A Goodwin team filed an amicus brief on behalf of End of Life Washington, EvergreenHealth, A Sacred Passing, Pancreatic Cancer North America, The Global Wellness Institute, and an international cohort of preeminent medical researchers in support of a petition to reschedule psilocybin to Schedule II of the Controlled Substances Act (CSA).
The team filed the brief in the 9th Circuit supporting a petition to order the Drug Enforcement Administration (DEA) open rulemaking proceedings to consider rescheduling psilocybin from Schedule I to Schedule II of the CSA. The organizations and researchers explained that accelerating access to psilocybin-assisted therapy to terminally-ill patients suffering from anxiety and depression would greatly improve the state of end-of-life care, and explained that a vast body of clinical evidence demonstrates that psilocybin-assisted therapy is more effective than current treatments and sufficiently safe. This evidence and pressing need justifies rescheduling psilocybin from Schedule I (the most restrictive CSA schedule) to Schedule II (which would expand patient access and reduce research barriers).
Among those represented by Goodwin and lending their support to the brief are many of the leading researchers who spearheaded the now decades-long effort to demonstrate that psilocybin-assisted therapy is effective and safe, including Roland R. Griffiths, Ph.D. (Johns Hopkins Medicine), Bill Richards Ph.D. (Johns Hopkins Medicine), Bob Jesse (Johns Hopkins Medicine and U.C. Berkeley), and David Nutt, DM, FRCP, FRCPsych, FSB, FMedSci (Imperial College London).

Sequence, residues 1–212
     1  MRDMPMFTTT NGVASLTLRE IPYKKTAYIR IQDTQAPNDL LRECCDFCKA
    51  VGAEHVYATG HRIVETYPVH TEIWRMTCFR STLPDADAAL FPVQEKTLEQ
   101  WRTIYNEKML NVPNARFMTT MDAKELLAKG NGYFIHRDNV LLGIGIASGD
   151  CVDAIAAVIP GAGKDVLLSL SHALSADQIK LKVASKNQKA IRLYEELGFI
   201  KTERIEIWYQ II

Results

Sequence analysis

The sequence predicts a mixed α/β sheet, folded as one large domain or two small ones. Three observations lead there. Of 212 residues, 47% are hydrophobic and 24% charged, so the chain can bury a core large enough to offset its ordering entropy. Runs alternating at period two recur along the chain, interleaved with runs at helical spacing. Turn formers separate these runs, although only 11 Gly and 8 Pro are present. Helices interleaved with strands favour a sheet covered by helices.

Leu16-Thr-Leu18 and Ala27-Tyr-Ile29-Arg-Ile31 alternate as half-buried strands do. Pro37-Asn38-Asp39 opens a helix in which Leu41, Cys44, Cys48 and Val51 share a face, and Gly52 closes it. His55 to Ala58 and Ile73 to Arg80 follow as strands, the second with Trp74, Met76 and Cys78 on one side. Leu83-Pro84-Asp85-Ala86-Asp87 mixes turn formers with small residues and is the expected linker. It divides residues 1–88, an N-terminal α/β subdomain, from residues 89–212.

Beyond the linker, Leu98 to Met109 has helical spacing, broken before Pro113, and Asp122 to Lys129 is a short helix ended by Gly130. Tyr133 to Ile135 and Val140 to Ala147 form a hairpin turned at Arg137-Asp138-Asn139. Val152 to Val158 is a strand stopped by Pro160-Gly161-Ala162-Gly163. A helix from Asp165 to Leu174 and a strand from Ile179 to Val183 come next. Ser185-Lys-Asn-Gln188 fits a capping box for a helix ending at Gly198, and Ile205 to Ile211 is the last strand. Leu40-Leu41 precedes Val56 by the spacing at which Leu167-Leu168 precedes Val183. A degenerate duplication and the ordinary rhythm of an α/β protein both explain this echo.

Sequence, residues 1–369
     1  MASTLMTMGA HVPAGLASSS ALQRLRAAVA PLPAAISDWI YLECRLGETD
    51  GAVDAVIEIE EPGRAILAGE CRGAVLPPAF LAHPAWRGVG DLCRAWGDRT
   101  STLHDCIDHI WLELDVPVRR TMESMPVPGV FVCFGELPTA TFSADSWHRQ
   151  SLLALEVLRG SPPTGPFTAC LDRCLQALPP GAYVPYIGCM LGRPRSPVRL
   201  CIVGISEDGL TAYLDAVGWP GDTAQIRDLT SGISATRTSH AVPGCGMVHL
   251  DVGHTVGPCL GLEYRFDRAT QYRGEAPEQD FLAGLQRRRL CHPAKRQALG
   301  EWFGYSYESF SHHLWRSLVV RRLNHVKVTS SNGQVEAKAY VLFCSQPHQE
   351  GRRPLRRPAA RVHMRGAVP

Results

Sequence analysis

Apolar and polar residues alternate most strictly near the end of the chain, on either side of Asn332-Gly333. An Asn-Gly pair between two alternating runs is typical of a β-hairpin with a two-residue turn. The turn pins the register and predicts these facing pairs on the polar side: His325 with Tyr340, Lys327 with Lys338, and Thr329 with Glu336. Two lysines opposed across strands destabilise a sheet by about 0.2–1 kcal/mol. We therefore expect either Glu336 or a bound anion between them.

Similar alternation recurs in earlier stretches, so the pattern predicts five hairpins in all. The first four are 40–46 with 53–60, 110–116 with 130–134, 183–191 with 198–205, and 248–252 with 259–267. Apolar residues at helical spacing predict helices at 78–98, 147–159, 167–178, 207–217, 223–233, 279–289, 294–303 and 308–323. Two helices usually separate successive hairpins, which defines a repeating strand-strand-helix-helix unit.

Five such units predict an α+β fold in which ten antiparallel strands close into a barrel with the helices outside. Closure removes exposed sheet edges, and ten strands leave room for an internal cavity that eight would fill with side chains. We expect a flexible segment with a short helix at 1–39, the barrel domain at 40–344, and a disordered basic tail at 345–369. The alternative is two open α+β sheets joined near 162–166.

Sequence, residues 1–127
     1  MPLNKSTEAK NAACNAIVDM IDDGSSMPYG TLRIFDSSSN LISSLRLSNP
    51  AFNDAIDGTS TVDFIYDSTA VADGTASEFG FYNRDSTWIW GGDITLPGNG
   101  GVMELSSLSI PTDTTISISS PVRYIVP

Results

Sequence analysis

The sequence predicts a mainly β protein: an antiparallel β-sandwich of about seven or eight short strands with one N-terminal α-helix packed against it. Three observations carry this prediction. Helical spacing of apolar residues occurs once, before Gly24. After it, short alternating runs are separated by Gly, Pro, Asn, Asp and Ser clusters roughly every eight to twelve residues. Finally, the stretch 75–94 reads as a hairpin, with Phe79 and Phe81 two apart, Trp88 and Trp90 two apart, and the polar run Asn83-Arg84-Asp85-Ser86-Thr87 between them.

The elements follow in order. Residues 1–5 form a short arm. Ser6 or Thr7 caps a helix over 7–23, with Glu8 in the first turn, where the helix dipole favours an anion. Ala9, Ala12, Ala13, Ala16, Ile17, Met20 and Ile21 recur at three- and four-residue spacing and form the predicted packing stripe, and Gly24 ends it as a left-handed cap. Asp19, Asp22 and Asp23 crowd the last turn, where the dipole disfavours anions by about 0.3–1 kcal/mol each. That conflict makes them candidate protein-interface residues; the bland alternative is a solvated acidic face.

Petitioners ask the 9th Circuit to remand to the DEA, to require the DEA and Food and Drug Administration (FDA) evaluate the scientific evidence available supporting psilocybin-assisted therapy and to determine whether to reschedule psilocybin.
“The relief Petitioners are seeking from the 9th Circuit is very straightforward – the DEA should be required to work with the FDA to evaluate the scientific evidence available supporting psilocybin-assisted therapy and reconsider its status as a Schedule I drug,” said Jennifer Fisher, co-chair of Goodwin’s Cannabis practice. “This relief is extremely important to our clients, who are advocates dedicated to improving care for individuals facing the end of their lives and leading researchers who have been spearheading the effort to demonstrate that psilocybin-assisted therapy is effective and safe."
“The world’s leading researchers studying psilocybin-assisted therapy agree that the body of clinical evidence is simply too large for the DEA to ignore, and that DEA must stop delaying access to this much needed treatment,” said Aaron Thompson, who led the briefing effort and coordinated among the organizations and researchers. “We are proud to be representing such an esteemed group of researchers and advocacy organizations in this important case.”
For more details, read the brief.